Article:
In (theoretical) physics, it is customary to describe the system under consideration in terms of the Lagrangian. One of the major advantages of this approach is that it allows us to analyze the symmetries of the system in a systematic way. Arguably the most important result in this context is what is known as Noether's theorem: For any continuous symmetry of the Lagrangian, we have what is known as a 'conserved current'. Mathematically speaking:

$$ \delta \mathcal L=0 \Leftrightarrow \partial_\mu j^\mu=0$$

where $j^\mu$ is the conserved current associated with this symmetry of the Lagrangian, defined by

$$j^\mu= \frac{\partial \mathcal L}{\partial (\partial_\mu \phi)}\delta\phi $$

or some variation/generalization thereof. The zero-component $j^0$ is conventionally called the charge.

My question is: Where did this terminology (charge, current) have its origins? Can something meaningful be said about this, beyond the fact that we can use the often-cited example of a complex scalar field to demonstrate that something similar to classical (electromagnetic) current and charge is conserved due to Noether's theorem? As an aside, any historically oriented reviews of the development of Noether's theorem would also be much appreciated.


1 Answer 1


At the time Emmy Noether formulated her theorems (1910-s) electromagnetism was the only fundamental field theory with well developed terminology. But even in the electromagnetism itself the word current was borrowed earlier from analogies with fluids, and probably would have spread into other theories for the same reason. After Einstein's work on relativity matter fields (elasticity, fluids) were far from the center of attention, and for practical reasons no one studied currents in classical gravity. So charge, rather than mass, was a natural choice.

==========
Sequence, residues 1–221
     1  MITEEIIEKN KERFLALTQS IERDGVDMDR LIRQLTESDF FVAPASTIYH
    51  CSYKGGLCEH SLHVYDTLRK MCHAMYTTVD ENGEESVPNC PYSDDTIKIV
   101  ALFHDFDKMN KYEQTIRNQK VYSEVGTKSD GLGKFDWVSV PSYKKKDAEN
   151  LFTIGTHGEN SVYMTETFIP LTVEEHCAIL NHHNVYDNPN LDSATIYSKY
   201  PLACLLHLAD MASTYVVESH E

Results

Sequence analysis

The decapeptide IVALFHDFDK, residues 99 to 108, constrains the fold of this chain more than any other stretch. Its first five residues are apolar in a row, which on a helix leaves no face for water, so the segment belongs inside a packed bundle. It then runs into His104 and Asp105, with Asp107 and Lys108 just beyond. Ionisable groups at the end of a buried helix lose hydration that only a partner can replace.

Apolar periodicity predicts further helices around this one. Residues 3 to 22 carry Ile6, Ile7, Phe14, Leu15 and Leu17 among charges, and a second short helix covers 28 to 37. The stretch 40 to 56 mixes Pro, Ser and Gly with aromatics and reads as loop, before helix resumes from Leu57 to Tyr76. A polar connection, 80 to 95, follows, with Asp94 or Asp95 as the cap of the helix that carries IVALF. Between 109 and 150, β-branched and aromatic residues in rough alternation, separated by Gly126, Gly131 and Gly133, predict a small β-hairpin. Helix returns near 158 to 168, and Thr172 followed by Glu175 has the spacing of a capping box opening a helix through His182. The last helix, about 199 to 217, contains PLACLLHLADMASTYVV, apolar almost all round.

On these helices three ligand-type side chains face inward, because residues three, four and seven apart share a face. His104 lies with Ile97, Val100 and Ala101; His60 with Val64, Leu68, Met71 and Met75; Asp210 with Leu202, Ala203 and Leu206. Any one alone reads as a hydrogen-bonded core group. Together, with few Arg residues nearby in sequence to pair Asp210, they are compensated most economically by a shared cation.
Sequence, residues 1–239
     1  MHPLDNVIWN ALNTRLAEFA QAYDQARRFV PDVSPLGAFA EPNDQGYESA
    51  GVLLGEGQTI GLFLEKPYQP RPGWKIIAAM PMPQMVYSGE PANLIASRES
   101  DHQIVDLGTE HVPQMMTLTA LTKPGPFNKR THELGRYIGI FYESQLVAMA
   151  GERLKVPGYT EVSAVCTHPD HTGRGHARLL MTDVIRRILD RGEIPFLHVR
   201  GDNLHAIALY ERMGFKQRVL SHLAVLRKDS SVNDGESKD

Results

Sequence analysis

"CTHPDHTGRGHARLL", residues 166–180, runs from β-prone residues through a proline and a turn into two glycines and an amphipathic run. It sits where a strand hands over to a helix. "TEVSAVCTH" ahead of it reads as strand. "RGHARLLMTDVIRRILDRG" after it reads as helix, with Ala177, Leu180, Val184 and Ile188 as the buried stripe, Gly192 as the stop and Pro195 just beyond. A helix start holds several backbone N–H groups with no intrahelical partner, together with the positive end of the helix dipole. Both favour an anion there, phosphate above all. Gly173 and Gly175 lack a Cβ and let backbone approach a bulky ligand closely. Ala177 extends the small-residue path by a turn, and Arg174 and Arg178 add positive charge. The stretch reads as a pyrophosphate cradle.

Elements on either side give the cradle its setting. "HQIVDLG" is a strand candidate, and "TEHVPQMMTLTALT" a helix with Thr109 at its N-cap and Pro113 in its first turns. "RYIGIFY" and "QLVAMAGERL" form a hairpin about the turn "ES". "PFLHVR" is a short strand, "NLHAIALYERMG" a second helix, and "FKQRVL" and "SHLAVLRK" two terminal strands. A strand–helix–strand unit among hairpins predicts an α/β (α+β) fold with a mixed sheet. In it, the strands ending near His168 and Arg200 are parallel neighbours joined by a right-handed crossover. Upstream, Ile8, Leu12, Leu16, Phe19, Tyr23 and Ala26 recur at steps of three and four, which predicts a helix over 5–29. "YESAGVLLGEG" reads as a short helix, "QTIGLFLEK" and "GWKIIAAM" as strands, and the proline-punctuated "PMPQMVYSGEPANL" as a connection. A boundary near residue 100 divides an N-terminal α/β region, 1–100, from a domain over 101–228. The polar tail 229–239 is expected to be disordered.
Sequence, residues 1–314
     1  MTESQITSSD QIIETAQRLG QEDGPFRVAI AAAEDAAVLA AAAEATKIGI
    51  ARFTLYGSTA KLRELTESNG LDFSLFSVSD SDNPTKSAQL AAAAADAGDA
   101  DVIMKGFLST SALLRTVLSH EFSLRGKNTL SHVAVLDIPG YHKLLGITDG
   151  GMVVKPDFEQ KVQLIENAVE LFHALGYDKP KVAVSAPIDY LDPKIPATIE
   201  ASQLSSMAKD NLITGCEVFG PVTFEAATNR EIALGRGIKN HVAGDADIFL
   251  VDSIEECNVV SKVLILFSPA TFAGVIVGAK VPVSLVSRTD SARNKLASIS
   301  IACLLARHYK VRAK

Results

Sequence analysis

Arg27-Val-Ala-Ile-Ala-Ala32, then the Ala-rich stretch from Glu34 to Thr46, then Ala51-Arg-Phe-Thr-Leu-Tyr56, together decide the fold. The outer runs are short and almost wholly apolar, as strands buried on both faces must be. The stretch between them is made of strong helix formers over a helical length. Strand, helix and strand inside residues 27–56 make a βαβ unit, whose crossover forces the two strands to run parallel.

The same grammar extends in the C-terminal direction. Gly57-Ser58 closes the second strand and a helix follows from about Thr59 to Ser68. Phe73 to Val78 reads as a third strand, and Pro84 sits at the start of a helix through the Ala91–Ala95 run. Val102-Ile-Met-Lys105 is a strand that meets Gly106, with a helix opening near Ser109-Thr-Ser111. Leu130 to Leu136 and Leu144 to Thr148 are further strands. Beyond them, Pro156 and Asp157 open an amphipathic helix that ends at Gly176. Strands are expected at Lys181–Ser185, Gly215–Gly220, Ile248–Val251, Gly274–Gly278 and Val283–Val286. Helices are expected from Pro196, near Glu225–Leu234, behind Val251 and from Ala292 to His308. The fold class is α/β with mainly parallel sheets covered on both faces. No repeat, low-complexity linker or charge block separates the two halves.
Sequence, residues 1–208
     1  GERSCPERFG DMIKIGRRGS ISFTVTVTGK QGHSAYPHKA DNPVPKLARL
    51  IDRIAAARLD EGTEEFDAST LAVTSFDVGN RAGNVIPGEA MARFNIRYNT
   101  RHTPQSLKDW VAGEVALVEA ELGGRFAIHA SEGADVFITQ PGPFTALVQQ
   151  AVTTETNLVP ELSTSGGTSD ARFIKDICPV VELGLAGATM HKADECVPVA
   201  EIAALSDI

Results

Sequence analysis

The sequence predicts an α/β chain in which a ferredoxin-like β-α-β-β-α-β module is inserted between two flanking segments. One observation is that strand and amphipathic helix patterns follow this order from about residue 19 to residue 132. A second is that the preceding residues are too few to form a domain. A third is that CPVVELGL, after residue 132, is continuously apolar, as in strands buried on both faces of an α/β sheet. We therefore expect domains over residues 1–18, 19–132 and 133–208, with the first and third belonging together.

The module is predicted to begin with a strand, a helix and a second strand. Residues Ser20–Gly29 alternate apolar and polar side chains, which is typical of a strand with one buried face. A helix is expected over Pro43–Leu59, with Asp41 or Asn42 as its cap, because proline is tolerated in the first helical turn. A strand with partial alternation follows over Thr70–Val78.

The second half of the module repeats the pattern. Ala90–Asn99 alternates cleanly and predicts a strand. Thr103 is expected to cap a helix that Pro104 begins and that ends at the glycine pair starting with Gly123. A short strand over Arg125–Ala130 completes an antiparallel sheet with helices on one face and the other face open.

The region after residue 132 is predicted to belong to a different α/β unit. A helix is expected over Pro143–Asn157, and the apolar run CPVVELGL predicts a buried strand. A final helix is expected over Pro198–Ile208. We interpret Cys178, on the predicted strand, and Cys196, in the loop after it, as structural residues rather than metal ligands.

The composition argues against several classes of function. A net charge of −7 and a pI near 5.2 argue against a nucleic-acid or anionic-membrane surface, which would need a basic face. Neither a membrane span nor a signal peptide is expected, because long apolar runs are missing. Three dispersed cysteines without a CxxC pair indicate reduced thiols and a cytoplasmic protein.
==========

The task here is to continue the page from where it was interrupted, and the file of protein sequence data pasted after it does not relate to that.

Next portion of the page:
Noether herself was focused on conservation of energy and its apparent failure in general relativity discovered by Klein. Hilbert conjectured that there is a distinction between "proper" conservation laws as in electromagnetism, and "improper" ones as in general relativity. Noether not only proved this in great generality, but supplied a link to symmetry groups. Conservation is proper when the symmetry group has at most countably many independent infinitesimal generators, and "improper" when it has a continuum of them as in general relativity. Klein, by the way called energy current "Hilbert's energy vector", but Noether's theorems were general so this wasn't a good name.

According to Gursey "Before Noether's Theorem the principle of conservation of energy was shrouded in mystery, leading to the obscure physical systems of Mach and Ostwald. Noether's simple and profound mathematical formulation did much to demystify physics." More details on historical circumstances of Noether's work can be found here.


Your Answer

By clicking “Post Your Answer”, you agree to our terms of service and acknowledge you have read our privacy policy.

Not the answer you're looking for? Browse other questions tagged or ask your own question.